Stay marketing-savvy and tech-savvy. Get the latest in martech by subscribing to MarTech Today.
Nielsen-backed OurCart startup launches Snapstar app to incentivize brand loyalty for grocery shoppers
Company says it’s the 'first grocery brand loyalty app powered by receipt scanning tech.'
For shoppers, grocery receipts are ribbons of paper they sometimes check but often throw out.
For brands, grocery receipts are data goldmines that show what you buy, the kind of data they otherwise get from stores but without encouraging your product loyalty.
A startup named OurCart — backed by audience research firm Nielsen’s Israel-based Innovate incubator — is out with a new app that seeks to mine that data, while incentivizing shoppers for brand loyalty.
Called Snapstar and currently available only for Android, the app awards points (in the form of stars) to consumers for brands they “follow” in the app, and for the products they buy. It takes 7,500 points to get a $5 Amazon gift card, or stars can be turned into entries for product-awarding sweepstakes.
The company says that Snapstar is “the first grocery brand loyalty app powered by receipt scanning technology.”
In the app, a consumer first selects which listed brands to follow. She then photographs the shopping receipt, guided by the app to take multiple photos if it’s a long receipt. Once photographed, the receipt is automatically uploaded to the OurCart platform.
The OurCart platform visually recognizes the text in the printed receipt and interprets it as products, since different grocery stores have different text identifications for the same products. Kellogg’s Frosted Flakes in one store might be printed as Kell FF on its receipt, for instance, but another grocer might list it as K Frost. The user knows if the platform has successfully interpreted the receipt if she gets brand-related stars.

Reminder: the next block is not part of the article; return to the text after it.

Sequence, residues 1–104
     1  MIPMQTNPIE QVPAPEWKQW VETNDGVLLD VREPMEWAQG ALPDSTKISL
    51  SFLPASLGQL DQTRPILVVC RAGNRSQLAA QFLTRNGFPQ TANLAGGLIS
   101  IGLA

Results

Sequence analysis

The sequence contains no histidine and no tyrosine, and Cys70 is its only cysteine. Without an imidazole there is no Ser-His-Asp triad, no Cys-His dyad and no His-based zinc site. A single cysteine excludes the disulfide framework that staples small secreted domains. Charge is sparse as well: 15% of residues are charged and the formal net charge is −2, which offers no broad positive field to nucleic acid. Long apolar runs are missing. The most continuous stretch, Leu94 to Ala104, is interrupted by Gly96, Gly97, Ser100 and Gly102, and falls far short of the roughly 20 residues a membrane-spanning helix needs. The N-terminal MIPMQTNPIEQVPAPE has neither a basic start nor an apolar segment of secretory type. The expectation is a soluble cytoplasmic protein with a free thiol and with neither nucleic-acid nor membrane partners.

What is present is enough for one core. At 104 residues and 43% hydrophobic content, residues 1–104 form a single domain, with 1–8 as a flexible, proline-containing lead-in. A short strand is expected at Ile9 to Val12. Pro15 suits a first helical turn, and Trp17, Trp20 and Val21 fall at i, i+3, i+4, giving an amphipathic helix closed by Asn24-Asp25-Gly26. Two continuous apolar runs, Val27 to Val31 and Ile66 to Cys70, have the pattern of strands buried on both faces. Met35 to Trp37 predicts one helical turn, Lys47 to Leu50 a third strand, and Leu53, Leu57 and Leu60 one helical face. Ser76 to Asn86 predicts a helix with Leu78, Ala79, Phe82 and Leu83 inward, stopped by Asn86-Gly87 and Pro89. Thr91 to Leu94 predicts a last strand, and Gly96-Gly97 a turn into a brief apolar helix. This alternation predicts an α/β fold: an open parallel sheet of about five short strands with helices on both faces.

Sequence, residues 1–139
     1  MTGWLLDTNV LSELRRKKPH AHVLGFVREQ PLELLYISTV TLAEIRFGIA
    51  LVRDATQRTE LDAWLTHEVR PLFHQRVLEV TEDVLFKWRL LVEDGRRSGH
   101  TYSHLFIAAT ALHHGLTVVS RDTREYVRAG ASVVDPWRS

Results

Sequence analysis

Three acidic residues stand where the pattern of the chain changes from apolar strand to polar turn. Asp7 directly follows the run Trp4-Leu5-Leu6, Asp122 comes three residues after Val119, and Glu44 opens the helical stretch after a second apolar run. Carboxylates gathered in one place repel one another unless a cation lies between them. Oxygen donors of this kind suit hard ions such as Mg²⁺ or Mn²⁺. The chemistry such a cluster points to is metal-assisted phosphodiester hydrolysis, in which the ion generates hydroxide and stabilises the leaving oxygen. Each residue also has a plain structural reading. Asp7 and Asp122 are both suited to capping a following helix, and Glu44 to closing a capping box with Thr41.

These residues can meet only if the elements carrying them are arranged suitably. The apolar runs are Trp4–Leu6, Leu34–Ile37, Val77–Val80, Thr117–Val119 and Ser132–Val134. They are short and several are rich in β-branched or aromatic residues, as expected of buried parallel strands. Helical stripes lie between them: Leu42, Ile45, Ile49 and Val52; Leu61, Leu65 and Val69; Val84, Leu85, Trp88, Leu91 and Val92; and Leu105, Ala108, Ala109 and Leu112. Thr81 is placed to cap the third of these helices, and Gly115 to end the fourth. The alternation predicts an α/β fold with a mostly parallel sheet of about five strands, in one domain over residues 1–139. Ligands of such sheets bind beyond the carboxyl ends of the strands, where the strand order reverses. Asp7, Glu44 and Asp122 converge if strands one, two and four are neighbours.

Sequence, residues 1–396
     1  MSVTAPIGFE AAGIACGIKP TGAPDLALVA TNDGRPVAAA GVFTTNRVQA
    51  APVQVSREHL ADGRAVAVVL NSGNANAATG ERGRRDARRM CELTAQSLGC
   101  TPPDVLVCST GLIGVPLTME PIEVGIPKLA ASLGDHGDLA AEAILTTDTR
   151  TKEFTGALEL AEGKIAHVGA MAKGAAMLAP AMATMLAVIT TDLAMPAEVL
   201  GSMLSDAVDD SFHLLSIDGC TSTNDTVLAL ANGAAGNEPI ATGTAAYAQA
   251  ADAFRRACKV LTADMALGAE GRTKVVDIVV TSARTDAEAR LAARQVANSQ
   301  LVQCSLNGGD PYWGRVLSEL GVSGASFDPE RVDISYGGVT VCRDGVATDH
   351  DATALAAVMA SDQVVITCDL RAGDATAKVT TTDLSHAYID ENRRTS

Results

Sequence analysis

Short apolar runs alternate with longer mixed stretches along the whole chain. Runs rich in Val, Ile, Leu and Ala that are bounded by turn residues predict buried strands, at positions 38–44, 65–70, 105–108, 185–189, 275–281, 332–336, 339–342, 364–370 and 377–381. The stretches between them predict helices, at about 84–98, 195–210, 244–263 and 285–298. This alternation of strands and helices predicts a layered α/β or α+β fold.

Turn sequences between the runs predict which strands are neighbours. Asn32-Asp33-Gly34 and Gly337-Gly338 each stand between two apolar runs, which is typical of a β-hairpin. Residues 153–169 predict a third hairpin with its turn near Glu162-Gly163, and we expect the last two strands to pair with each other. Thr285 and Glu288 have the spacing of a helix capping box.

The app awards stars for purchases of products from the brands the user follows, as well for certain actions, like uploading a receipt. The brand gets individualized data on your buying habits and can add public demographic data like gender, location and age if the consumer logs into the app with Facebook credentials.
The customer’s purchasing profile can also be matched with online data through such matching keys as the Facebook name, but OurCart CMO and co-founder Guy Bauman told me the user’s identity is anonymized before it’s used by the brand for targeting. That targeting could eventually involve, say, a discount coupon for potato chips if the customer frequently buys that snack.
In addition to data, the consumer packaged goods brand gets something that many of them crave: a direct-to-consumer relationship.
OurCart also provides aggregated data about, say, how many people are buying Kellogg’s Frosted Flakes in Brooklyn, NY, in October, the range of prices, buying patterns when there are specific sales and so on.
OurCart — based in Tel Aviv, with a US office in Boston — currently has about 30,000 consumer users in the US in this open beta phase. On average, users upload receipts twice a week. No brands are actually signed up yet, but stars are being awarded and data is being collected as if they were.
Once they do sign up, brands will be able to manage their own awarding of stars via a dashboard, so they can offer specials like extra stars when you buy two of their products in one shopping trip. The app is also available as a white label, for product brands or grocery stores.
Founded in 2013, OurCart has previously released two apps that tested out the receipt-scanning tech, but they were focused on crowd-sourced price comparisons, not rewards for groceries you buy.
The Ibotta app, he noted, gives you cash back when you buy certain products, by offering a coupon for, say, Taster’s Choice coffee. InfoScout, he said, awards points when you upload receipts, but there’s nothing to encourage brand loyalty.